Volunteering at the AAU Junior Olymipics
I’d never been to Detroit, but then I’d never really had the desire to go, either. All this changed last month. At a time when everyone else seems to be leaving, the AAU Junior Olympics descended on Motown last month, the event bringing countless athletes along with a contingent of soon-to-be optometrists to the city.
Similar to the athletes who were ready to test their well-honed skills, I was excited to show my stuff at my first vision screening. This wasn’t just a few hours at a community center either–this was the big league. We’re talking about three jam-packed days of screening some of the best junior athletes and their families, and all thanks to Vistakon, it was completely free! The athletes and their families got a thorough check-up, the attending doctors were able to gain valuable data for research, and I got three nights in a hotel plus dinners paid for.
The ICO contingent, ready to go!
After arriving and spending a few hours setting up in a large downtown convention center, I was excited to get started and delve into all that first year knowledge I had accumulated. After setting up all the tests and looking at the equipment, I realized that over the summer I had either forgotten everything I had ever learned, or there were some new instruments that I had never seen. Turns out it was a mixture of the two.
Being a sports screening event, there were many tests geared toward athletes that aren’t customary in a normal eye examination. We tested hand speed, reaction times and hand-eye coordination tasks, along with many of the standards such as visual acuities and depth perception. After a quick refresher course and run-through of the new stuff, we were ready to go. Eight students and two doctors from ICO, twelve students and two docs from Indiana University’s School of Optometry, and one student from the Michigan College of Optometry at Ferris State University all worked together in one flawless unit. Flawless might be pushing it, but it was pretty damn close!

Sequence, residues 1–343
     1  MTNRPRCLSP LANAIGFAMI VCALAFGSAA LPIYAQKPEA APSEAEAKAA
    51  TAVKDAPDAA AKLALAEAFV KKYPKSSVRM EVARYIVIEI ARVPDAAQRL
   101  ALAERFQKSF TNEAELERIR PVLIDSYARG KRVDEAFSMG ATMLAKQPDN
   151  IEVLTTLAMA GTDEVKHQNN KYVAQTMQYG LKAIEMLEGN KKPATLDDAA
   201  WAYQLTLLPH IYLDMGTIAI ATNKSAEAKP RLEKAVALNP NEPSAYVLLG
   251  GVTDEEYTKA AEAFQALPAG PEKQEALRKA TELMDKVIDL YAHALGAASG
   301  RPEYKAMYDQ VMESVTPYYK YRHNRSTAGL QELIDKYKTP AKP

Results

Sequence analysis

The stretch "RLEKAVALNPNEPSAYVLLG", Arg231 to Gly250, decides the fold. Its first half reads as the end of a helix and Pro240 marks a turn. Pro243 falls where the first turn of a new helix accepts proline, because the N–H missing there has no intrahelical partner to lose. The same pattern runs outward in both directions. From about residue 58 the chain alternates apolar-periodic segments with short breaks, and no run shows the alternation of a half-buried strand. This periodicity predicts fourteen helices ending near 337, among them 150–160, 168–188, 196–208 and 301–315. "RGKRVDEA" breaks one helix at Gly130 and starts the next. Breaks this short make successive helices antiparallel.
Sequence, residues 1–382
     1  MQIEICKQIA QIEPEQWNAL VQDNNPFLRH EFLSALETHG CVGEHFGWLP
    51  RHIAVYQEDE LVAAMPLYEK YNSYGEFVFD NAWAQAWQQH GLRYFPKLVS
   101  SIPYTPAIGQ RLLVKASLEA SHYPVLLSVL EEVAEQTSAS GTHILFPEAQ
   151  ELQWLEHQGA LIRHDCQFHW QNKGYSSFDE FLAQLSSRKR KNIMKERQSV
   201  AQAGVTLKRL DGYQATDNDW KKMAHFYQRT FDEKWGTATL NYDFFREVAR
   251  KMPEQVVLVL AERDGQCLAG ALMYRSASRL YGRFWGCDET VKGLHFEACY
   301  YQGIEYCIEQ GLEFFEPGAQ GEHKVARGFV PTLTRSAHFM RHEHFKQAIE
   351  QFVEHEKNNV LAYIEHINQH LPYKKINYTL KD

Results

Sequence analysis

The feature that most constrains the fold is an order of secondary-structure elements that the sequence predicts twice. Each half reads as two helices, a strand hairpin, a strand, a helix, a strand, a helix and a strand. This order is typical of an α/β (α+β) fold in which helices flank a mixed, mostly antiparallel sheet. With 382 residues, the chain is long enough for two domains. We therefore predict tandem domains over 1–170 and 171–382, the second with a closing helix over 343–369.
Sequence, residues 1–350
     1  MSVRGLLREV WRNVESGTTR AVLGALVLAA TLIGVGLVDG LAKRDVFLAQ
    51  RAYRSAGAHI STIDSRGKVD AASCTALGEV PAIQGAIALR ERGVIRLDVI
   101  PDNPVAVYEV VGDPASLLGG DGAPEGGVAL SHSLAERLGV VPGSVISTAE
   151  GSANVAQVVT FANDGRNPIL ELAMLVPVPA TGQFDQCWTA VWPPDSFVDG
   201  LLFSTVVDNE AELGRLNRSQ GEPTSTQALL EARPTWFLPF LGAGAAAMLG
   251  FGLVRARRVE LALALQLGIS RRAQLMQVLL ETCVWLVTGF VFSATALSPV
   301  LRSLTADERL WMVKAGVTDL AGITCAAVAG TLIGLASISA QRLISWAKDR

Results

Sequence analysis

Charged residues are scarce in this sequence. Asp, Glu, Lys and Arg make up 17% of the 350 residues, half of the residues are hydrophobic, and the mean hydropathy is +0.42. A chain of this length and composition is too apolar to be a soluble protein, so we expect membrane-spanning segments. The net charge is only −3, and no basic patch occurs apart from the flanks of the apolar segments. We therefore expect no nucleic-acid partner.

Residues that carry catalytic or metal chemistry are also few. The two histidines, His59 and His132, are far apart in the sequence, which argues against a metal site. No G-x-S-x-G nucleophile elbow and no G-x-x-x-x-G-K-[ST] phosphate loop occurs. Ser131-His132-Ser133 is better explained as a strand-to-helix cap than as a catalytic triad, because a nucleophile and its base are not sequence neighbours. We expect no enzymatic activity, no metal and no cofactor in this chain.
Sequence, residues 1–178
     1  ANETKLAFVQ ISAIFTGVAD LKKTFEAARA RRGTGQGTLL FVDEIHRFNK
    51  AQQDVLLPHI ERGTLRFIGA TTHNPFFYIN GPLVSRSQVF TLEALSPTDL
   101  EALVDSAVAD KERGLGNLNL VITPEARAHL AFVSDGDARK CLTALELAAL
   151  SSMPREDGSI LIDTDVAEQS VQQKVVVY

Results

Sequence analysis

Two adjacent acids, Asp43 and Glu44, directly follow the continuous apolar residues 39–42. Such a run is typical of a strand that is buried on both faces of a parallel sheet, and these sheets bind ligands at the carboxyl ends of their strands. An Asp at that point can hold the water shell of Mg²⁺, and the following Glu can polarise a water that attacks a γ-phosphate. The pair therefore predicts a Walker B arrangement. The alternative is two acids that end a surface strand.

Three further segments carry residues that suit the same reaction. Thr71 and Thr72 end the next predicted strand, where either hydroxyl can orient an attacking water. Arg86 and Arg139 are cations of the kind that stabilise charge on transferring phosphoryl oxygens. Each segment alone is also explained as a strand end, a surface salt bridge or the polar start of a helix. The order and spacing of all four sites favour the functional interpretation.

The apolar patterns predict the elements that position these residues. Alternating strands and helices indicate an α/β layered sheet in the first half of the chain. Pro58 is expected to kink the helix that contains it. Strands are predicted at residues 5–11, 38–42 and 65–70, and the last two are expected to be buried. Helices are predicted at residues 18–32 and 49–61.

Hard at work collecting King-Devick baseline data
There were nine stations, all run by a pair of students. The athletes would check in at the front desk, receive their clipboard and data sheet, and travel station to station, where the students would administer the task at hand and record the results. Once the athletes had completed their journey, they would check in with one of the doctors to have the results analyzed and discuss what it all meant. This process continued from 10 a.m. to 6 p.m. for three full days.
Just another test I had to learn
One of the best parts, apart from perfecting my entrance testing skills, were the few breaks we had to wander the facilities and check out some of the events. I never knew some of them even existed–everything from jump rope to powerlifting! As I meandered through the crowds, I was constantly impressed by the level of competition and athletic ability present in the various age groups. I saw a six-year-old doing triple-unders with a jump-rope for a minute straight in one corner, then went to the next section and saw a 17-year-old squat close to 700 pounds. My mind was blown even more than my body would be if I were to perform either of those tasks… which I certainly could never do.
One of the new events that also seemed to be one of the most popular was the sport stacking competition. This event consists of twelve plastic cups that need to be arranged into a series of three patterns as fast as possible. I never knew that hands and cups could move that fast. Not only that, but there were countless categories within the sport stacking competition. Check out this video in which I make the mistake of challenging a pair of talented kids who work as a team, each only using one hand to complete the patterns. These kids had never worked together before and still were able to beat me easily, even after my day of practicing!
As much as the screening was the main portion of the trip, we did manage to get out and experience a bit of the city itself. Dinners downtown, world-famous hot dogs at American Coney Island, catching a Tigers game at Comerica Park–one night I was even fortunate enough to win a whopping $20 at the casino! Overall, it was a blast of a trip and I couldn’t have asked for a better time. The crew who made the trip was a great mix, and being able to chat and network with students at the other optometry schools led to a whole lot of fun. Not only were we able to screen and help out countless athletes, but it also served as a remarkable learning experience for me. I was surely glad I participated and I can’t wait for the AAU Junior Olympics next year… Des Moines, here I come!